“These nuisance cases usually don’t have a precedential effect,” McAfee said in an interview. “They’re so fact-specific.” In addition to the facts, the testimony of the witnesses who are called has a big impact on the outcome of specific cases, he says.

“It could have some effect on whether someone would file a nuisance case,” he added. Attorneys in other states will examine the North Carolina verdict to see whether it provides a road map for litigation they may want to bring.

McAfee also said that while legal victories by plaintiffs receive a lot of attention, there are many other situations where producers prevail. He cited a 2016 case in Scott County, Illinois, where a jury found no nuisance and awarded no money to plaintiffs who were suing over two 7,500-head swine finishing operations. And in December, a Minnesota jury also ruled for a producer facing a nuisance suit.

“Those (cases) probably have as much impact, but they don’t often receive attention like a case like this,” McAfee said.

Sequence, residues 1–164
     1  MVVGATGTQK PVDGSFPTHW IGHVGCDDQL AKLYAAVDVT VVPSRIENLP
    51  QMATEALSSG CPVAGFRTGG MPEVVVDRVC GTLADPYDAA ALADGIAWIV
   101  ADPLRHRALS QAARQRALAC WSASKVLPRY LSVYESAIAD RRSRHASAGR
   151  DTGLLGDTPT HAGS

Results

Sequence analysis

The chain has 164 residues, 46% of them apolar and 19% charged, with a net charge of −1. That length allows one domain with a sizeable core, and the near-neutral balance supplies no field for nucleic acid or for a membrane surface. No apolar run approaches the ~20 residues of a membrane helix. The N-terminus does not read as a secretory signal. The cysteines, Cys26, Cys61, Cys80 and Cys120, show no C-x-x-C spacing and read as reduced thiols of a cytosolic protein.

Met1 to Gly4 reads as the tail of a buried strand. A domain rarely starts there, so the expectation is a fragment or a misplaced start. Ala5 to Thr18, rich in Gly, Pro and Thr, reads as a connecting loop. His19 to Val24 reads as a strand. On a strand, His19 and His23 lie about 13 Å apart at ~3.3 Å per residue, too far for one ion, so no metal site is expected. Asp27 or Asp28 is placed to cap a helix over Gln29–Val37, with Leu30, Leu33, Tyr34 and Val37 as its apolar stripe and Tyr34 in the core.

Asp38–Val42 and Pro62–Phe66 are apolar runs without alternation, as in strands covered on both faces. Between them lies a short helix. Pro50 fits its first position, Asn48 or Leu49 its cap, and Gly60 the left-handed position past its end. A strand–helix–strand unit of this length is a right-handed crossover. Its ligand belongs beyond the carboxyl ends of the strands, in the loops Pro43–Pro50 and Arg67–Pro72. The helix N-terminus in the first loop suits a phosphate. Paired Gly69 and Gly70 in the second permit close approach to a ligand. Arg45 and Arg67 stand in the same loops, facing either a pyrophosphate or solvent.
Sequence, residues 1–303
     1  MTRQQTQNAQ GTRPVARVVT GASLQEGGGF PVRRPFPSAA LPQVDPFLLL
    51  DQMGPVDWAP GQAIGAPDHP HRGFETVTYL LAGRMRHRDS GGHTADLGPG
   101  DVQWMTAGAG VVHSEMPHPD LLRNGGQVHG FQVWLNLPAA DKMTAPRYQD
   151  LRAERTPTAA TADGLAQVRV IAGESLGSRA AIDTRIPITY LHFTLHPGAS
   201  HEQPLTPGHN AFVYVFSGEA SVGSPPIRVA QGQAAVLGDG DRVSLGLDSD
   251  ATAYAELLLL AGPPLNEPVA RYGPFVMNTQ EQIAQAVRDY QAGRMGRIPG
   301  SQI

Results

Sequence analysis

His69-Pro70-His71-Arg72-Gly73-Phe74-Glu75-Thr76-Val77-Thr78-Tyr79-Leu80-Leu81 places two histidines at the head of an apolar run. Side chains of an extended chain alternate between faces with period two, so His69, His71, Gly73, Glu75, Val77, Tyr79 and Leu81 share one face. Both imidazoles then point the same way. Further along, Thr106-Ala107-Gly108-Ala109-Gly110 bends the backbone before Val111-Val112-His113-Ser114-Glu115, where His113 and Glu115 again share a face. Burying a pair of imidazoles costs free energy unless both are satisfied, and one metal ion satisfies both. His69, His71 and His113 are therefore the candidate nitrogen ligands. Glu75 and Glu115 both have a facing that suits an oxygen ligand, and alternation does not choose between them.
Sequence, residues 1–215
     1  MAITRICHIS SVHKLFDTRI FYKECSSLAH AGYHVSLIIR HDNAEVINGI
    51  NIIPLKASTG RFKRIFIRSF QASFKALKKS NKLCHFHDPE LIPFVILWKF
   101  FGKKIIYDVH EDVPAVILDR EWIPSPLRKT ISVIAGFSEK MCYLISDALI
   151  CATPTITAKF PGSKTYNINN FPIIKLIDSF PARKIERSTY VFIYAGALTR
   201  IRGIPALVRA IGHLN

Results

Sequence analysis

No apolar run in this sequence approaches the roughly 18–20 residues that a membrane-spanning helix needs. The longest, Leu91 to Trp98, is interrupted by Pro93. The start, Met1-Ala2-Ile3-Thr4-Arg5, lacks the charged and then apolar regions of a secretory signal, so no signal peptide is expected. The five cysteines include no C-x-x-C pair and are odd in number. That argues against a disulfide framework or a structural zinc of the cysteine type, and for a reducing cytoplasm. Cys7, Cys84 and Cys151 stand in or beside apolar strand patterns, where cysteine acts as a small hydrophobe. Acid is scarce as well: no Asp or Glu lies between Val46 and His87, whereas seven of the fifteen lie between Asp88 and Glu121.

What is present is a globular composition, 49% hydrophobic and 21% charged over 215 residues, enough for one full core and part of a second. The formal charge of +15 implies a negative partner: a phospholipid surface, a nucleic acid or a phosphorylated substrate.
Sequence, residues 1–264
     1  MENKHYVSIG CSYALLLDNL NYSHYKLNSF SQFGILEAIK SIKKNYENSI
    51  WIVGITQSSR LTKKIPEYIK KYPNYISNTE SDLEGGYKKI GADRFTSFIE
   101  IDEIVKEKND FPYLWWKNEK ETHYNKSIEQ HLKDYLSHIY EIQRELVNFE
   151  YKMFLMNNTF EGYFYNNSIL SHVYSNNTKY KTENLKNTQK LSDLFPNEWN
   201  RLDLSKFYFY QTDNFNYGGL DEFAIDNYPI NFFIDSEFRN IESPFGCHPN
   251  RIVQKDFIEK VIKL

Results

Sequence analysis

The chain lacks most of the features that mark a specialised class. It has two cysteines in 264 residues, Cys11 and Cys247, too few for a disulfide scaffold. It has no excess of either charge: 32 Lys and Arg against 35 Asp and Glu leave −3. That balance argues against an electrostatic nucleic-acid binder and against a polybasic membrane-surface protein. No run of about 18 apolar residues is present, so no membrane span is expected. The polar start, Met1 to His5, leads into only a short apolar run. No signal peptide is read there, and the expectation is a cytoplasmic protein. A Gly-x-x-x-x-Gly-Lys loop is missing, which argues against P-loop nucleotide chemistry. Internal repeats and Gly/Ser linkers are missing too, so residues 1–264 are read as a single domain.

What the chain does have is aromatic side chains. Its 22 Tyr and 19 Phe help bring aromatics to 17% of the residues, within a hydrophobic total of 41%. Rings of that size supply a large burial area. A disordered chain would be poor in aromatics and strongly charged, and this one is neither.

Iowa Citizens for Community Improvement, which actively campaigns against new hog operations in the state and has worked to strengthen Iowa’s oversight of them, has a different take on the verdict.

Jess Mazour, an organizer on CCI’s Farm and Environment team, says the verdict shows that large hog farms “are a nuisance in everyday life. This sends a strong message that we are right on that.”

“They can’t keep ignoring the people who are impacted,” she said, speaking of the pork industry.

But Mazour also says the law in Iowa makes it difficult to bring nuisance cases against livestock facilities. In 1995, state lawmakers approved legislation limiting economic damages in nuisance lawsuits brought against ag producers. The constitutionality of that law has been challenged in a case now being considered by the Iowa Supreme Court.